No. 12.

Acting Consul Fullarton to Earl Russell.—(Received February 1, 1864.)

My Lord: I have the honor to enclose to your lordship a copy of my reply to Mr. Benjamin’s despatch to me of the 8th instant, conveying the president’s order to depart promptly from the confederacy, and in the mean time to cease the exercise of consular functions.

Mr. Benjamin has thought proper to publish his despatch to me in the Richmond newspapers.

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Having had committed to my charge the interests of several parties absent in Europe, which my departure would seriously injure, I have requested Mr. Benjamin to rescind that portion of the order requiring me actually to withdraw from the confederacy.

I have, &c.,

[Enclosure in No. 12.]

Acting Consul Fullarton to Mr. Benjamin.

Sir: I have the honor to acknowledge the receipt, on the 14th instant, of your despatch to me of the 8th, communicating to me the president’s order that I should promptly depart from the confederacy, and in the mean time cease to exercise any consular functions within its limits.

Your despatch conveys to me the reasons which have induced this action. These reasons have no existence in fact, and I should content myself with a simple denial of the charges you make, were it not that you found them upon language used by me which I should have supposed could not fairly be misconstrued; but as it has been so strangely misinterpreted, and such serious and I may say unheard of charges have been preferred by you against her Majesty’s government, and against all her Majesty’s consuls in the confederacy, it seems to be due to them at least that I should endeavor to disabuse your mind.

In the first place, I will observe that your accusations are made against her Majesty’s consular servants in the plural number. Mr. Cridland, of Mobile, has not exercised any of the functions of his office; therefore, Mr. Walker, her Majesty’s acting consul in Charleston, and myself, are the only officers to whom your charges can refer. Mr. Walker will doubtless deal with the matter in his own way, and I propose to defend myself only.

That you may be under no mistake as to what my instructions in reference to the service of British subjects in the armies of the confederacy or any of the confederate States really are, I will here repeat them, viz: “That the plainest notions of reason and justice forbid that a foreigner, admitted to reside for peaceful and commercial purposes in a State forming a part of a federal Union, should be suddenly and without warning compelled by the State to take an active part in hostilities against other States which, when he became domiciled, were members of one and the same confederacy.”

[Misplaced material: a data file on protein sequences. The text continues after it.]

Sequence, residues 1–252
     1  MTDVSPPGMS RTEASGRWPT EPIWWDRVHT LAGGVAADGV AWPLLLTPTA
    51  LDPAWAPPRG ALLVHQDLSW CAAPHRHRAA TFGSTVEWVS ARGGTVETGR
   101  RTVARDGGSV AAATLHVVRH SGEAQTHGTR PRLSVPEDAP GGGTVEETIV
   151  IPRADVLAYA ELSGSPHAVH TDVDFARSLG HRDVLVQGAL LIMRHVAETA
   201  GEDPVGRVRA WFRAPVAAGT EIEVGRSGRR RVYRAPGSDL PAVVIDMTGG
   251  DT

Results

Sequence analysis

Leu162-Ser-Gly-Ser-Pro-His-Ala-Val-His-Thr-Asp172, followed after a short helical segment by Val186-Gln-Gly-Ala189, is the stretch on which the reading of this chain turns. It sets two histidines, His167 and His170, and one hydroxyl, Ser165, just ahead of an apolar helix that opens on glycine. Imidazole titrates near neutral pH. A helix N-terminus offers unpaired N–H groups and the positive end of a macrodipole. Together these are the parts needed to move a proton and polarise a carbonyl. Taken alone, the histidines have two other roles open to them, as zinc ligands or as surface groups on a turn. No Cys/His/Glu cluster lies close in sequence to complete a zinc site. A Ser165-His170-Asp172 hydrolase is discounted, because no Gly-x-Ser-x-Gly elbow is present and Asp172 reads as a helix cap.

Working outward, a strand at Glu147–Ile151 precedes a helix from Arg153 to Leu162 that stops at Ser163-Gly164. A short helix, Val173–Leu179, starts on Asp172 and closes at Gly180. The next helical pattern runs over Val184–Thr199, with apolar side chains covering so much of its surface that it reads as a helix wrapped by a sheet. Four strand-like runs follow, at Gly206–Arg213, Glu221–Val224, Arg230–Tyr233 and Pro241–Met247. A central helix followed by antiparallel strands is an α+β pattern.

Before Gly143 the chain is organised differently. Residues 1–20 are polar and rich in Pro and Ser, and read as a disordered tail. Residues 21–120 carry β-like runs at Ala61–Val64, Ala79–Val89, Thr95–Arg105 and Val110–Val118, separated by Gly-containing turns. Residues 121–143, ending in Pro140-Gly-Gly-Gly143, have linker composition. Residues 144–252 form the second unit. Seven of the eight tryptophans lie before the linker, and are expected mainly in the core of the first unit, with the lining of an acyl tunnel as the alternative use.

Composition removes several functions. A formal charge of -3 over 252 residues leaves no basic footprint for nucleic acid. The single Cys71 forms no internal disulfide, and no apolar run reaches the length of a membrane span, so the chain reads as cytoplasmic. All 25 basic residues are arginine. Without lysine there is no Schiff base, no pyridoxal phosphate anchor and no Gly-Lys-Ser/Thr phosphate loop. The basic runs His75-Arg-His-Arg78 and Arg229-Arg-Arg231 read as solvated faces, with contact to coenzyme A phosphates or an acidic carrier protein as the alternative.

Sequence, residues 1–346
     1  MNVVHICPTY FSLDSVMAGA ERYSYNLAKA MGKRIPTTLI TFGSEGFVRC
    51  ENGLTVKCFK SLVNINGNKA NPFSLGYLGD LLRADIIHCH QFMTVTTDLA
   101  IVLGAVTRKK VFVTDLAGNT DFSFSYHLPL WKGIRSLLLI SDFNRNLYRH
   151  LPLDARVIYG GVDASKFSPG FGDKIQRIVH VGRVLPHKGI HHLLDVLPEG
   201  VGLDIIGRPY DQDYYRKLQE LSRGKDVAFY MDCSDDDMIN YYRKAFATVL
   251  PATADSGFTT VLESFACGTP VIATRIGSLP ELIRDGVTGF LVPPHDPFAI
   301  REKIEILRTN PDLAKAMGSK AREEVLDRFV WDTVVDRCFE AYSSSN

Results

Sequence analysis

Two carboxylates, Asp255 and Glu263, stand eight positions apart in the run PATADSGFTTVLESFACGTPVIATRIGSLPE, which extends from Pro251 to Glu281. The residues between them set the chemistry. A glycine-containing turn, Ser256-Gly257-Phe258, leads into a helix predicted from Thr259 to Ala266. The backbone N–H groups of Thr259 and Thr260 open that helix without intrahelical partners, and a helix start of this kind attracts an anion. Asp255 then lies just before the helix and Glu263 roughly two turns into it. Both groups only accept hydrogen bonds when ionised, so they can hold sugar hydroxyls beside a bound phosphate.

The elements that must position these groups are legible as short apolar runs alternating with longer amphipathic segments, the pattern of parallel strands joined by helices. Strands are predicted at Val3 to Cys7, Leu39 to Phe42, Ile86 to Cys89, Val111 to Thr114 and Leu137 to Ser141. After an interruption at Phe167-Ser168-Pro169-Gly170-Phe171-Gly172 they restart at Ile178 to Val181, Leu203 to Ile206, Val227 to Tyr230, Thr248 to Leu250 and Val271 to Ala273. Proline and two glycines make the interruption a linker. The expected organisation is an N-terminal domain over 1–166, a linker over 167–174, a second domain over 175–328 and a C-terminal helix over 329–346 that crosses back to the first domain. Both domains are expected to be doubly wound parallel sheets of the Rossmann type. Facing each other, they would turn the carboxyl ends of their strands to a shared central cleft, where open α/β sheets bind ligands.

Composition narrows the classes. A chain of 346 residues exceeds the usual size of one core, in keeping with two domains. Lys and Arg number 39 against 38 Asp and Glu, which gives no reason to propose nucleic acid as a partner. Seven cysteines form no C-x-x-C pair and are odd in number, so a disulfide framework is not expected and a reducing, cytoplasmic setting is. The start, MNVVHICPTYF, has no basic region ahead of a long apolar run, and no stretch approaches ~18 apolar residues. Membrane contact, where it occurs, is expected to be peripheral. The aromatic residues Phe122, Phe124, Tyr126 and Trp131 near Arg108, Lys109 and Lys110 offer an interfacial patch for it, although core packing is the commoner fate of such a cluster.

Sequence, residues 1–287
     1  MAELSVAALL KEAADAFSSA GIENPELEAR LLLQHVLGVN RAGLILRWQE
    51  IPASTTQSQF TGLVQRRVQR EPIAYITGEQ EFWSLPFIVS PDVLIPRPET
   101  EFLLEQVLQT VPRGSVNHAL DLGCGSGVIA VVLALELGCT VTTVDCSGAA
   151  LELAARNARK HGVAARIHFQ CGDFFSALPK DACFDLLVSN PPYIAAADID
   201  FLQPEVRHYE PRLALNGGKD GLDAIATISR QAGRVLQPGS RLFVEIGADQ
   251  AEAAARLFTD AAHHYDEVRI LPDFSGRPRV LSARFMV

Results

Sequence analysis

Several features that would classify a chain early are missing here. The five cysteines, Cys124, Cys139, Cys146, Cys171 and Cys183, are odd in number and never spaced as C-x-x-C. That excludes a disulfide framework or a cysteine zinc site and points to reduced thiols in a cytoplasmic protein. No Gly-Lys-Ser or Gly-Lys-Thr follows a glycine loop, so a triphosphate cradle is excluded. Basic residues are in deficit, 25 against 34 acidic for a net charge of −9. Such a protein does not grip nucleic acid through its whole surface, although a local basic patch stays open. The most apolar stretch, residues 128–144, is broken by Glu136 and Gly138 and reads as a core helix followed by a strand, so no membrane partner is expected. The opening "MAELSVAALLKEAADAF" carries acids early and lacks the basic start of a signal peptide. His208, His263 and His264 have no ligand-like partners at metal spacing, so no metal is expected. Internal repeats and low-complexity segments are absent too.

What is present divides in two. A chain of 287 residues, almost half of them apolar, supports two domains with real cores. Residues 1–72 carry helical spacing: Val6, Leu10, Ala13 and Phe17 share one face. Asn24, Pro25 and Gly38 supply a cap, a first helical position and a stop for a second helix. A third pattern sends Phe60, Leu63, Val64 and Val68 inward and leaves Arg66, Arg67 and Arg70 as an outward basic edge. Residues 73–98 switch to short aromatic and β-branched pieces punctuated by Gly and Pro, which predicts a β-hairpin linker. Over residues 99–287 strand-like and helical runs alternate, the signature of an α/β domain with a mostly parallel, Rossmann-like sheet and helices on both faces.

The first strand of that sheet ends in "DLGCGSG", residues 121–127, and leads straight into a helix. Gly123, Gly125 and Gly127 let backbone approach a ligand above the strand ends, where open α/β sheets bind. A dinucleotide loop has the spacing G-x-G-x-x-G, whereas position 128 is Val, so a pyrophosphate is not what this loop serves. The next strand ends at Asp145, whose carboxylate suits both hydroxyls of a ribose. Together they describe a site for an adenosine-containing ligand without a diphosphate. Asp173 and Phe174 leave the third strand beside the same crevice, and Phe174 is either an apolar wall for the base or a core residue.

Therefore, both in contemplation of the organization of the militia of the State of Georgia, and in anticipation of a State draft from that organization for purposes inconsistent with that instruction, it was my duty to advise such of her Majesty’s subjects as might be enrolled for militia service and subjected to such draft, in the language you have first quoted; and unless you possess the information that all her Majesty’s subjects in the State of Georgia have enlisted in confederate service, I am at a loss to understand how you can regard this as an assumption on my part of “the power of determining whether enlisted soldiers of the confederacy are properly bound to its service.”

The second quotation of my language is as easily explained. Militia service is peculiarly an organization for neighborhood defence, and if a British subject, being a militia-man, is called from his neighborhood, which is properly defined by the word home, or involuntarily drafted into service for which he is not liable, I have done no wrong in directing him to refuse the required service by rejecting the arms that may be thrust upon him; and it is this advice to British subjects, not enlisted, but willing to perform all that the laws of the State can justly require of them, that you have been pleased to magnify into advice “to soldiers of the confederate armies to throw down their arms in the face of the [Page 864] enemy.” It seems to me impossible to read the language you have quoted without perceiving that it has no application at all to the enlisted confederate soldier, unless, as I said before, you assume that all British subjects have enlisted in the confederate service, and I should imagine it is not necessary for me to tell you that the fact of enlistment deprives the soldier of all protection, as of right, from the consequences of his enlistment.

Having thus shown how extravagant is the construction you have placed upon my language, I have only to deny the correctness of every conclusion you have drawn and every assertion you have made. I have not failed to forward to her Majesty’s government a copy of your despatch, and I shall inform them of the publication and circulation you have thought proper to give to it.

I am, &c.,